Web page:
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Me, Myself and Pie

Me, Myself and Pie

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Me, Myself and Pie

valutazioni:
5/5 (1 valutazione)
Lunghezza:
395 pagine
1 ora
Editore:
Pubblicato:
Oct 7, 2014
ISBN:
9780310335573
Formato:
Libro

Descrizione

Filled with classic pie recipes such as apple and pecan, yet bolstered with modern pie innovations like pie pops, Thanksgiving Pie, and pies-in-a-jar, this is a collection of simple, straightforward recipes and stories of Amish life that will help bakers bring their families together around the table.

Brimming with full-color photography of more than 100 recipes full of simple, wholesome ingredients and easy tried-and-true techniques that are sure to please any palate, this distinctive cookbook will help you bake the perfect Amish pie, whether you are a pie novice or a filled-pastry aficionado. Recipes include sweet and savory fillings, basic crusts, fruit pies, cream pies, meringues, scrumptious toppings, and so much more.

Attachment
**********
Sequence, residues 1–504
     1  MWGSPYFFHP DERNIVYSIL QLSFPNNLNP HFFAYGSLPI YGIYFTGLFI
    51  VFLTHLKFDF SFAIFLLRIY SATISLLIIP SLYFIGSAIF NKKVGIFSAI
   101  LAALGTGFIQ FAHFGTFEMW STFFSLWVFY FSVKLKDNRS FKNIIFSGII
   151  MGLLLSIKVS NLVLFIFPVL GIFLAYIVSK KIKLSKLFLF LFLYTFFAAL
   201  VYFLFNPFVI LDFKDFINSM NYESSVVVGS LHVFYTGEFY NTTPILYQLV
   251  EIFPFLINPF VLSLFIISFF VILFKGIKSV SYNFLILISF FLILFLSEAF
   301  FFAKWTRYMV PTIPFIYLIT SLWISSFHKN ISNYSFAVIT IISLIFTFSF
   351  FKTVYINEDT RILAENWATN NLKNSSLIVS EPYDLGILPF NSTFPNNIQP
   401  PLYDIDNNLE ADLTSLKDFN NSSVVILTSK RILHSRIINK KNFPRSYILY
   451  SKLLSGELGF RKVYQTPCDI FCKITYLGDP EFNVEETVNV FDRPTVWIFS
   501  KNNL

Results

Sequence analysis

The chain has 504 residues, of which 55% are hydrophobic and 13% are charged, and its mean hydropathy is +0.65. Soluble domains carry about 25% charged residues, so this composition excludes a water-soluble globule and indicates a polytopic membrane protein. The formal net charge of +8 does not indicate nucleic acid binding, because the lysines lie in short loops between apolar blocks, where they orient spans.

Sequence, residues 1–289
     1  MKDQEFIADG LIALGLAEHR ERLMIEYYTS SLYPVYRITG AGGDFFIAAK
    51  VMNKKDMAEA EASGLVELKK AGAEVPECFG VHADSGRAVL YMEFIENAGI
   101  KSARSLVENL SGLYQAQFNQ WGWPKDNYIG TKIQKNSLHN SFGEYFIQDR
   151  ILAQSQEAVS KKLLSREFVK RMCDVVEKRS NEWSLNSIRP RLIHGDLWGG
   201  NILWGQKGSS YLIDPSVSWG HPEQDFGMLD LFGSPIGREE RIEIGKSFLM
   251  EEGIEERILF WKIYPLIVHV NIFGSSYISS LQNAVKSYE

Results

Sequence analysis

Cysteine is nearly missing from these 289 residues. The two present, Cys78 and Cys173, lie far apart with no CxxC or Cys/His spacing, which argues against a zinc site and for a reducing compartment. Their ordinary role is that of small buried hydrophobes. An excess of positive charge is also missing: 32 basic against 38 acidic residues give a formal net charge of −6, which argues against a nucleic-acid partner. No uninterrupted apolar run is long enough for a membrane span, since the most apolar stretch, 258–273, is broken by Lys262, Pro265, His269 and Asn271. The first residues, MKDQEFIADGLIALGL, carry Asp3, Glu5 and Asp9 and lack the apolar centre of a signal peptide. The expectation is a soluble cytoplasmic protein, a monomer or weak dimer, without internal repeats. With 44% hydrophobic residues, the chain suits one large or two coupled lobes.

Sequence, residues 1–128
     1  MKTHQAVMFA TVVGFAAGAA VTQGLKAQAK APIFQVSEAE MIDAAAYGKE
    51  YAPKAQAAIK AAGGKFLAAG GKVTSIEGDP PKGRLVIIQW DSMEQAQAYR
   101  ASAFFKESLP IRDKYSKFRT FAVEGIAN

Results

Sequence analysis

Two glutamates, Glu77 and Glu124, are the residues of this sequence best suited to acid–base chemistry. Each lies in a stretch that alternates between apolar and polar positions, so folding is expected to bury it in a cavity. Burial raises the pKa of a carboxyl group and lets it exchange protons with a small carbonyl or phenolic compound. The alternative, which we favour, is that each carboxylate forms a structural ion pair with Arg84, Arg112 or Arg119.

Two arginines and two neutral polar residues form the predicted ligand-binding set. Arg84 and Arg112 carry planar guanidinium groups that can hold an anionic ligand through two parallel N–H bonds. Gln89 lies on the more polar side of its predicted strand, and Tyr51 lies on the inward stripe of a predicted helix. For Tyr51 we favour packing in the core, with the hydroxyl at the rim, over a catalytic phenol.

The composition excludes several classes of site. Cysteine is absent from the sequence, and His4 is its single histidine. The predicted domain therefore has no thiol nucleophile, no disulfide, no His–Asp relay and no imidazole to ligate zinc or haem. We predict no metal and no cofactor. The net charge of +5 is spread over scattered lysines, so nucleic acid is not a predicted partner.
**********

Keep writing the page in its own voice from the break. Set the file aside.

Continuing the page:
Sprinkled throughout are Sherry Gore's personal stories of Amish life and culture that are best enjoyed over—what else?—a slice of homemade pie!

Editore:
Pubblicato:
Oct 7, 2014
ISBN:
9780310335573
Formato:
Libro

Informazioni sull'autore

Sherry Gore is the the author of two cookbooks, "Simply Delicious Amish Cooking" and "Me, Myself and Pie" and co-author of the novel "Made with Love.” She is also a weekly scribe for the national edition of the Amish newspaper, The Budget, established in 1890. The National Geographic Channel featured Sherry prominently their documentary series, Amish: Out of Order. Sherry's culinary adventures have been seen on NBC Daytime, the Today Show, Mr. Food Test Kitchen and more. Sherry is a year-round resident of beautiful, sun-kissed Sarasota, Florida, the vacation paradise of the Plain People. She has three children and is a member of a Beachy Amish Mennonite church. When not spending time with her family, writing, or eating, Sherry is a cooking show host, and an official pie contest judge.  

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Anteprima del libro

Me, Myself and Pie - Sherry Gore

Chapter One

The Amish Kitchen